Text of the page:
Similarly, figures in Victoria showing 70 times increase over the study period of young people receiving cross-sex hormones is of great concern and requires urgent investigation. Given the relatively small numbers commencing on puberty-blockers in each year of the study period, the data suggest that those attending the Victorian service may be older, post-pubertal adolescents who are referred to other treatment facilities for their cross-sex hormones where they are not counted and are lost to follow-up. 

Of equal interest is the large numbers of young people in Queensland who have been placed on puberty-blocking agents and the relatively small number on cross-sex hormones. Do the majority of these children desist from progression to cross-sex hormones or are they referred elsewhere for stage 2 treatments, which is the case for NSW and appears to be the case for Victoria? If the former, these results are in stark contrast to overseas research showing that once children commence puberty-blocking agents, most proceed to cross-sex hormones.[24]If the latter, obtaining accurate numbers of those referred elsewhere for stage 2 treatments need to be recorded and made available to the research community and the public.

Sadly, these data stimulate many more questions than answers about the demographic of this population across the four states as well as the treatment protocols in each state that may affect how treatment is decided and delivered. They represent a first attempt to systematize data gathering in gender dysphoria treatment in young people in Australia. It has been difficult to obtain reliable information from the gender clinics and these data are necessarily incomplete because of a failure to supply the requested information in some cases or receiving inaccurate or ambiguous information in others. These data should therefore be treated as incomplete and preliminary. They are presented to stimulate concern and debate about the efficacy of such life-altering treatments for young people.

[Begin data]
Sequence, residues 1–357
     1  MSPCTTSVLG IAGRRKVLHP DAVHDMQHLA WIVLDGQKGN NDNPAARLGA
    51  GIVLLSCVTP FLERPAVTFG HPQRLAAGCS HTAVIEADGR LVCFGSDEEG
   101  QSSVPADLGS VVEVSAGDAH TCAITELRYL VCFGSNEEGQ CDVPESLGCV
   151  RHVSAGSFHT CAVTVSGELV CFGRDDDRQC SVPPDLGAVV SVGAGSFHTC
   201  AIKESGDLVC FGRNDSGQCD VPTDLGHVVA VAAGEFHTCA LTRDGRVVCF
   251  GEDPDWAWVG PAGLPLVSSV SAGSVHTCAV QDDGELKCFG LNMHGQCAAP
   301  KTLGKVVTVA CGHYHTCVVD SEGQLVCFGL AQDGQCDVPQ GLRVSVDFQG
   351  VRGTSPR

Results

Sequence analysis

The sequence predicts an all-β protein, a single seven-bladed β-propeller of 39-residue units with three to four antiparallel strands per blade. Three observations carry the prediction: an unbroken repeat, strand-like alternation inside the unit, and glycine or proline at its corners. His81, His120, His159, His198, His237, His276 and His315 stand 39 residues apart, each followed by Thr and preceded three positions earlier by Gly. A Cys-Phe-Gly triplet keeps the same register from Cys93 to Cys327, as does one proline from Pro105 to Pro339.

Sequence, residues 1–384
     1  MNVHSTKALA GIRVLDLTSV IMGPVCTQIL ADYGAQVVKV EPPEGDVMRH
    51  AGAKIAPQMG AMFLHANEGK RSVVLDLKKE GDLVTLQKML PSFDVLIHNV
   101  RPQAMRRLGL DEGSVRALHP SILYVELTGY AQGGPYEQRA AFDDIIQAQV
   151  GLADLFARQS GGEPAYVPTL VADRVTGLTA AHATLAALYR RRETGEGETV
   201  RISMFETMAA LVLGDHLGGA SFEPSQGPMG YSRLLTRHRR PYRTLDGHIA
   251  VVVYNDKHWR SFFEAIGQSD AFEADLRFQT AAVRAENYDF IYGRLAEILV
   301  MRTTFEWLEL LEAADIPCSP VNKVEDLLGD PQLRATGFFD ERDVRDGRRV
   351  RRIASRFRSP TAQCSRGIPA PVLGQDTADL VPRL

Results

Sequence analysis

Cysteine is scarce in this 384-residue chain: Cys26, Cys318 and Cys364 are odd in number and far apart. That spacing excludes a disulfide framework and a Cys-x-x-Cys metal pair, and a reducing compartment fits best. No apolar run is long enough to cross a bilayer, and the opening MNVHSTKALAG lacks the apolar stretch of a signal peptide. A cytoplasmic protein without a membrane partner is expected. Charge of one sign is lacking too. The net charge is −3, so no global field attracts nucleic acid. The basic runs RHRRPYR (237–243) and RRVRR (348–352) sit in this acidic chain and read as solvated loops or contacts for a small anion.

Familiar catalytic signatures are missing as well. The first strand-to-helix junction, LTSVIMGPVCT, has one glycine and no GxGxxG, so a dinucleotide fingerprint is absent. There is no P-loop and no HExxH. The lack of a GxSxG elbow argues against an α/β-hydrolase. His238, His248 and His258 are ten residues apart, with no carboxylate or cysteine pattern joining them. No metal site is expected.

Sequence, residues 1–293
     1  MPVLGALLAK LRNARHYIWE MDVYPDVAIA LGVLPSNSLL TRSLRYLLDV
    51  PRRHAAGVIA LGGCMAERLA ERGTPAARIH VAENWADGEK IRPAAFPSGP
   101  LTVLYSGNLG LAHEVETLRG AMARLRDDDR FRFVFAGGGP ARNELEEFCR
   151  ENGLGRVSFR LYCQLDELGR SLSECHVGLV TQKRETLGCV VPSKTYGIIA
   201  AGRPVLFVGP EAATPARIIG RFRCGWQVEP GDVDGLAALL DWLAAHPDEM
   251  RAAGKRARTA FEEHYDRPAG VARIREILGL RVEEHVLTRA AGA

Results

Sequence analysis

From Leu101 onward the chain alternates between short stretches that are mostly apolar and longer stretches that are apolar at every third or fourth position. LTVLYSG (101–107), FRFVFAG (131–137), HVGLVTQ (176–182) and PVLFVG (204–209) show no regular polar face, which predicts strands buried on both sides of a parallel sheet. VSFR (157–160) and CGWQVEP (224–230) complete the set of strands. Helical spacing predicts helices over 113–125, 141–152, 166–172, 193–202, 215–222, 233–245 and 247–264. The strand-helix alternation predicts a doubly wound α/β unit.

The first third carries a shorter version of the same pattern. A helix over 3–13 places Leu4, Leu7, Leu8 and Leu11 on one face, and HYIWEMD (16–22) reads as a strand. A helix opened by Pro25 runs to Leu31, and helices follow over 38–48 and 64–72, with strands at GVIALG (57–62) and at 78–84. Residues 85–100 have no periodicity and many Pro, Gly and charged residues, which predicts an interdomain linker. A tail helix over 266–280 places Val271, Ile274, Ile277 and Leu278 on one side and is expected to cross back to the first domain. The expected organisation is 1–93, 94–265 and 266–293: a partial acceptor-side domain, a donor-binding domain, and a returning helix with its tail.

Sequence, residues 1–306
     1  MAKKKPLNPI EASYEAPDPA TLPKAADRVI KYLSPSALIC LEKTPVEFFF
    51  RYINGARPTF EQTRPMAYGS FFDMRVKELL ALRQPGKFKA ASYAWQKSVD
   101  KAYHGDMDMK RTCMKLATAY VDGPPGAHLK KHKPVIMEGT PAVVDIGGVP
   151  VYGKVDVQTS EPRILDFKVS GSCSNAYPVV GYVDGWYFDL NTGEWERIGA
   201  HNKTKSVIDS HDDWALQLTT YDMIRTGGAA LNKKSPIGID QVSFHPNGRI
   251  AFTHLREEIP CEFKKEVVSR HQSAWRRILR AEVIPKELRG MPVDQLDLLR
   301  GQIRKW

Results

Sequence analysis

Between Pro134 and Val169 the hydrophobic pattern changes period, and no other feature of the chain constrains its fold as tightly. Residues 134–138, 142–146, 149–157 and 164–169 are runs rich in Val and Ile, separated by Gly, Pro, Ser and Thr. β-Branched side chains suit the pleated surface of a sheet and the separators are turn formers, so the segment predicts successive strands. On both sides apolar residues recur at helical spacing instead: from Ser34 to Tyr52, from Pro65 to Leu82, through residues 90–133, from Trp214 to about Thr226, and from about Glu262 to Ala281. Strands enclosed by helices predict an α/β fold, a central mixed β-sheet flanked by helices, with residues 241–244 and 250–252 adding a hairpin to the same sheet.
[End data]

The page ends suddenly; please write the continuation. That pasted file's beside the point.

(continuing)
There is no doubt that the transactivist lobby has been spectacularly successful in their campaign[25]to assert transgender rights and many in medicine[26], social policy, the media and the law have succumbed to their pressure to conform to a gender-affirming ideology without adequate evidence to support its application[27]. These forces are no doubt at play in the pattern of numbers we see in this paper. 

 

[1]Williams Institute, 2016, https://williamsinstitute.law.ucla.edu/wp-content/uploads/CHIS-Transgender-Teens-FINAL.pdf).

[2]Gates, G. (2011).How many people are lesbian, gay, bisexual, and transgender? Williams Institute https://escholarship.org/content/qt09h684x2/qt09h684x2.pdf

[3]Zucker, K. J. (2017). Epidemiology of gender dysphoria and transgender identity. Sexual Health14(5), 404-411.

[4]Meerwijk, E. L., & Sevelius, J. M. (2017). Transgender population size in the United States: a meta-regression of population-based probability samples. American Journal of Public Health, 107(2), e1-e8. 

[5]Clark, T. C., Lucassen, M. F., Bullen, P., Denny, S. J., Fleming, T. M., Robinson, E. M., & Rossen, F. V. (2014). The health and well-being of transgender high school students: results from the New Zealand adolescent health survey (Youth'12). Journal of Adolescent Health55(1), 93-99.

[6]Kaltiala-Heino, R., Työläjärvi, M., & Lindberg, N. (2019). Gender dysphoria in adolescent population: A 5-year replication study. Clinical child psychology and psychiatry24(2), 379-387.

[7]Telfer, M. (2018). Gender dysphoria in children and adolescents: An update on clinical practice, research and advocacy.https://www.chnact.org.au/sites/default/files/Assoc.%20Prof.%20Michelle%20Telfer%20-%20Gender%20Dysphoria%20in%20Children%20and%20Adolescents.pdf

[8]https://www.telegraph.co.uk/news/2017/07/08/number-children-referred-gender-identity-clinics-has-quadrupled/